The Young Ethio Jazz Band.
A group of US-based young Ethiopian musicians, ranging in age from 10 to 15, are playing Ethio-jazz and getting some media coverage like this one.
Sirak Tegbaru leads young members of Oakland’s Medhani Alem Ethiopian Orthodox Church in an unusual extracurricular activity: a traditional Ethiopian jazz band. The young musicians, ranging in age from 10 to 15, had their first performance on Sunday, at Rasela’s Jazz Club in San Francisco’s Fillmore district. They call themselves the Young Ethio Jazz Band.
The students play Ethio-jazz, a style that blends American jazz and Latin rhythms with traditional Ethiopian sounds. Led by figures like Mulatu Astatke, Ethio-jazz flowered during the 1960s and early ’70s.
The eight person band played several covers at Rasela’s, with many members taking solos on each song. Most Ethiopian music hasn’t been written down, so Tegbaru has to study each song carefully, learning the keyboard, horn, bass, and drum parts so that he can teach them to his band. After seven months of practices, they were ready for their first performance this January.
Yonathan Estfanos, who plays trumpet, describes the Young Ethio Jazz Band’s sound as “unique and mellow and lively. And nothing like anything people have ever heard of, especially people of this generation.” Like many of the band members, Estfanos says the band has allowed him to preserve his cultural heritage. “I feel like I’m going back to my culture, you know? I feel like I’m going back to my roots,” he said.
An American visitor to Ethiopia describes how he experienced racism as a Chinese man.
As part of China’s controversial development policy in Ethiopia and Africa at large, Ethiopia is full of Chinese construction workers commissioned to build the roads. In fact, the majority of foreigners in Ethiopia, especially in the remote countryside are mostly Chinese. This has led many Ethiopians to believe that all foreigners are Chinese. And so when they saw me walking and hitchhiking through the countryside, they similarly assumed I was Chinese. From people squinting their eyes at me to yelling “CHINA…CHINA MAN,” I became one of few westerners to experience racism as a Chinese man. The racism began when I first entered Ethiopia through the city of Gondar. As I walked through the streets a little kid yelled at me from across the road. He said, “Knee-How?” and then put out his hand for some money. I chuckled at him and then gave him a few notes. Little did I know at the time, but this would be the first of many “Knee-Hows.”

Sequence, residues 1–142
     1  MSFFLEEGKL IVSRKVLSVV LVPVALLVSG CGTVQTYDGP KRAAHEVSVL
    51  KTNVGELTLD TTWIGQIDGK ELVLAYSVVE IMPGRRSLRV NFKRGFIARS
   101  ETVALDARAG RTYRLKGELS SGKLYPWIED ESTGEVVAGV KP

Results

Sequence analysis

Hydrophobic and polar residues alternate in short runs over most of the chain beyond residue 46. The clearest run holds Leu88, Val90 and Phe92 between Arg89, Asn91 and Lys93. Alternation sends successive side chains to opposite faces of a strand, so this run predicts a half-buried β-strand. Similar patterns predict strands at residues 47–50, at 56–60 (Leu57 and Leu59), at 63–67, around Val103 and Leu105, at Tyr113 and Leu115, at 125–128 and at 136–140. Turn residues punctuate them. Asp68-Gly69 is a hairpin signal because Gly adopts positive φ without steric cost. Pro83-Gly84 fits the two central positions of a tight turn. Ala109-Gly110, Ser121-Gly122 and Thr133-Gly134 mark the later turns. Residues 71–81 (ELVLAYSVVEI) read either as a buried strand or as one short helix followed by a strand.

After being greeted in Chinese for a second and then third time, it began to get on my nerves a little bit. Not only did they yell “Knee How,” but they would sometimes make a squinty face at me or just simply shout “CHINA” as I walked by. Eventually, I started yelling back, “I am NOT Chinese! Have you ever seen a Chinese man with BLONDE hair!” Read more…
Historian, author and commentator Professor Richard Pankhurst talks about the renowned intellectual, statesman, diplomat and Ethiopia’s first western trained physician, Hakim Workneh Eshete (also known as Dr. Charles Martin). In an article published in the Capital newspaper, the most prolific writer on Ethiopian historical matters reviews two recent books that saw the light of the day on the historical figure.
Hakim Workneh, aka Dr Charles Martin, was the first Ethiopian I ever met, and the first Ethiopian doctor to give me medical advice – albeit only once or twice during my childhood. Hakim Workneh, who was an important figure in Ethiopian history, is the subject of two recent biographies. He came from a prominent Gondar family that, for one reason or another – we do not know precisely why – was attached to Emperor Tewodros’s court at Maqdala. Read more…